- Useful micro-SaaS tools. A small nifty tool that solves a specific problem. HubSpot’s website grader is a great example of this. It’s a simple tool that grades your website’s performance. Simply because the tool is so useful, it managed to get a ton of mentions (and backlinks) online.
- Epic experience-backed articles. Here’s one thing that most SEO articles have on the internet: they’re written by SEO content writers, for the sake of SEO. They don’t have any interesting expert insight into an industry. So here’s your opportunity: use your past experiences to create content that’s not for SEO, but aimed at getting you shares and reads.
Is writing not your thing? You can always outsource your content writing to pros!
#6. Use HARO to Get Press Mentions (and Backlinks)
HARO, or Help a Reporter Out, is a platform that matches journalists with sources.
The gist of it is pretty simple:
You register as a source and you start getting emails with information on what journalists are looking for several times a day.
If you have something to contribute to a given topic, you can reach out with your pitch.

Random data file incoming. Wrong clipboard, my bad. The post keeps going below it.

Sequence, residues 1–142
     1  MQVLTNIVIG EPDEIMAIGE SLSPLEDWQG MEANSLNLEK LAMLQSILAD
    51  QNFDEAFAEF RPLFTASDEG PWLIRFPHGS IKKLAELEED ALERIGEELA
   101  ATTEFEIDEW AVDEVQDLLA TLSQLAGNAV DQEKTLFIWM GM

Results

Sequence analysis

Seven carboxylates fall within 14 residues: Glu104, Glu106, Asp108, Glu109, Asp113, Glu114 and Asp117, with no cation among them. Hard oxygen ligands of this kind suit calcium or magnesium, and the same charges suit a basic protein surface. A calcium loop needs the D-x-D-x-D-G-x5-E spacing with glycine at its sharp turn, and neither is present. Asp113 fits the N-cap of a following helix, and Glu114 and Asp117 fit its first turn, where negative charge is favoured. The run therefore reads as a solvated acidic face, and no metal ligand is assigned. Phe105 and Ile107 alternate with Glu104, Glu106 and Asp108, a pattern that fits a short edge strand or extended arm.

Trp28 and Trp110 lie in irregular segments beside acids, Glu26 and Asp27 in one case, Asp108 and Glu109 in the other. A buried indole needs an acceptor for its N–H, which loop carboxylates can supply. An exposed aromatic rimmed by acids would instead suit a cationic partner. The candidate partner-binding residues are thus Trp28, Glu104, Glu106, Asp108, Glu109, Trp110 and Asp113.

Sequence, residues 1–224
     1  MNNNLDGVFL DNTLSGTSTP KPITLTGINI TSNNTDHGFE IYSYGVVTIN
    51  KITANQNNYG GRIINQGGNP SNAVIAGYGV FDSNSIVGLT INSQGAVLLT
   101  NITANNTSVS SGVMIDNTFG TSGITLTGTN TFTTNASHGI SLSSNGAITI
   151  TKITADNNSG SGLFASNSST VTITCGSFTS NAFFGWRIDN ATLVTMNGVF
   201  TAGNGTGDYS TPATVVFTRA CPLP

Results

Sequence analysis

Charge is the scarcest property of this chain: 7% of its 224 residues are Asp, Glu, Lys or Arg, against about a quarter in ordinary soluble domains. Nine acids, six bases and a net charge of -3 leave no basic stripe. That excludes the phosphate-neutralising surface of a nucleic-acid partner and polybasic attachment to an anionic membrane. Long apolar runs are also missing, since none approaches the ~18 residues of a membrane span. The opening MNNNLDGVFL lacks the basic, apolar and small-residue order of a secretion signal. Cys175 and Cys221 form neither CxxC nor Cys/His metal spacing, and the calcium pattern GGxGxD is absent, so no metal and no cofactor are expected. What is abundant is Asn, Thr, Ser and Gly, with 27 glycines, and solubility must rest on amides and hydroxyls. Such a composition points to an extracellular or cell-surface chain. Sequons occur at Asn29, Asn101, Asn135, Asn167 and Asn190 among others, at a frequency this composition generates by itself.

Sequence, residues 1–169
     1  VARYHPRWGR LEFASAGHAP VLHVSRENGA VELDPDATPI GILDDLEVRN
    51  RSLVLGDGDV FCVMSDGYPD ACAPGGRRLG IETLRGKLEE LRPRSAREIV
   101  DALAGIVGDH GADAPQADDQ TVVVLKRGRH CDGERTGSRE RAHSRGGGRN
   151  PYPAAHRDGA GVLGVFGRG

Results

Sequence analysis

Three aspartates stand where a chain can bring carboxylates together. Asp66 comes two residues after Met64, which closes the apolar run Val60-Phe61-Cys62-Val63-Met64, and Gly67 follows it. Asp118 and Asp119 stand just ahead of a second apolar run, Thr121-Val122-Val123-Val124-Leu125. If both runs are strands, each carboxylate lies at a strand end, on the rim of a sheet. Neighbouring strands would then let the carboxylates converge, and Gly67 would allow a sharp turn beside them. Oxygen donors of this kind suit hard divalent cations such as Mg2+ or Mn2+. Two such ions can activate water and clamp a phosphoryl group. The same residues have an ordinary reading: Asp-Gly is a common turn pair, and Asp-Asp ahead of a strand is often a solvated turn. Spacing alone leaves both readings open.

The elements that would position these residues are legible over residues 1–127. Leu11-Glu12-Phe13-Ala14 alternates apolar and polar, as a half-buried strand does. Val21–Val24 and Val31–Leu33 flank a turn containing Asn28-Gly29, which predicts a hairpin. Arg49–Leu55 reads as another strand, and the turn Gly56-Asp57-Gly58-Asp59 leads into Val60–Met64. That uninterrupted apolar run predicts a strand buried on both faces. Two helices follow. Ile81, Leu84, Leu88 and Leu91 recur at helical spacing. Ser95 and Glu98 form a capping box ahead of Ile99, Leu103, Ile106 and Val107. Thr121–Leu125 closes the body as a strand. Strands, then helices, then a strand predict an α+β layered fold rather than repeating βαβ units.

Here are some tips on how to do HARO right:
- Speed matters. HARO journalists get hundreds of pitches per inquiry. If you submit yours as early as possible, you’re a lot more likely to get it published.
- Give good insight. Your answers should not be generic or bland. The reason journalists use this platform is to find expert insight and if your answer doesn’t have it, then you’re likely not getting picked.
- Be concise. You’re sending a small pitch, not a 500-word blog post. Keep things brief and to the point.
- Format your email right. To make your email easy to skim, split it into three headers:
- My Answer (aka your pitch)
- About Me (a 1-2 sentence description of who you are and why you’re an expert)
- Additional Info (a link to your headshot, link to your website, and anything else that might be relevant)
How is Link Building Different for Startups?
Now that we’ve covered the important stuff, let’s talk about theory.
Is link building different for startups, and if so, in what way?
We believe that it is.
Given, there are different types of startups at different stages with different budgets so this is going to be a bit of a generalization.
Regardless, here’s how we think link-building for startups can be different:
- Limited budget. If you’re at a seed stage, your budget is probably limited. As such, you might want to avoid paying for backlinks and stick to more creative techniques.
- Interesting data. Depending on your niche, you might have some interesting data from your users, and you can use that to spin interesting stories that get you media coverage.